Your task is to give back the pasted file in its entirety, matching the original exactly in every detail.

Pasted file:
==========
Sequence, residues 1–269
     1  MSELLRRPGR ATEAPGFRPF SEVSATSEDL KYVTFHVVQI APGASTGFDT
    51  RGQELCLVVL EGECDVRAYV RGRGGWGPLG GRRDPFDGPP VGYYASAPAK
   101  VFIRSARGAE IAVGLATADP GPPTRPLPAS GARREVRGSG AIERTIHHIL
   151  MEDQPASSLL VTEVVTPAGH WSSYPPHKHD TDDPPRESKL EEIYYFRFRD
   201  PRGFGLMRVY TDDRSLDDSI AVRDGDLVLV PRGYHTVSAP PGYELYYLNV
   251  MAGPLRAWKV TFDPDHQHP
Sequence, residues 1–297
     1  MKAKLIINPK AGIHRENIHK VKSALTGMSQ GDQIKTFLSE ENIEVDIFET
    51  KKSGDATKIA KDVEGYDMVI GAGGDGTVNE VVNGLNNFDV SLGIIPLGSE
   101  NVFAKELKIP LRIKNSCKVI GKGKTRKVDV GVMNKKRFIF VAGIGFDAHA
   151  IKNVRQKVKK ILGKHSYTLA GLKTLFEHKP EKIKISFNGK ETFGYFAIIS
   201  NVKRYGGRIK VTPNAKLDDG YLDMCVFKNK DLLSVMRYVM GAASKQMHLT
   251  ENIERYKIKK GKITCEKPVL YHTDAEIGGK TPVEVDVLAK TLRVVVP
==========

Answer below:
Sequence, residues 1–269
     1  MSELLRRPGR ATEAPGFRPF SEVSATSEDL KYVTFHVVQI APGASTGFDT
    51  RGQELCLVVL EGECDVRAYV RGRGGWGPLG GRRDPFDGPP VGYYASAPAK
   101  VFIRSARGAE IAVGLATADP GPPTRPLPAS GARREVRGSG AIERTIHHIL
   151  MEDQPASSLL VTEVVTPAGH WSSYPPHKHD TDDPPRESKL EEIYYFRFRD
   201  PRGFGLMRVY TDDRSLDDSI AVRDGDLVLV PRGYHTVSAP PGYELYYLNV
   251  MAGPLRAWKV TFDPDHQHP
Sequence, residues 1–297
     1  MKAKLIINPK AGIHRENIHK VKSALTGMSQ GDQIKTFLSE ENIEVDIFET
    51  KKSGDATKIA KDVEGYDMVI GAGGDGTVNE VVNGLNNFDV SLGIIPLGSE
   101  NVFAKELKIP LRIKNSCKVI GKGKTRKVDV GVMNKKRFIF VAGIGFDAHA
   151  IKNVRQKVKK ILGKHSYTLA GLKTLFEHKP EKIKISFNGK ETFGYFAIIS
   201  NVKRYGGRIK VTPNAKLDDG YLDMCVFKNK DLLSVMRYVM GAASKQMHLT
   251  ENIERYKIKK GKITCEKPVL YHTDAEIGGK TPVEVDVLAK TLRVVVP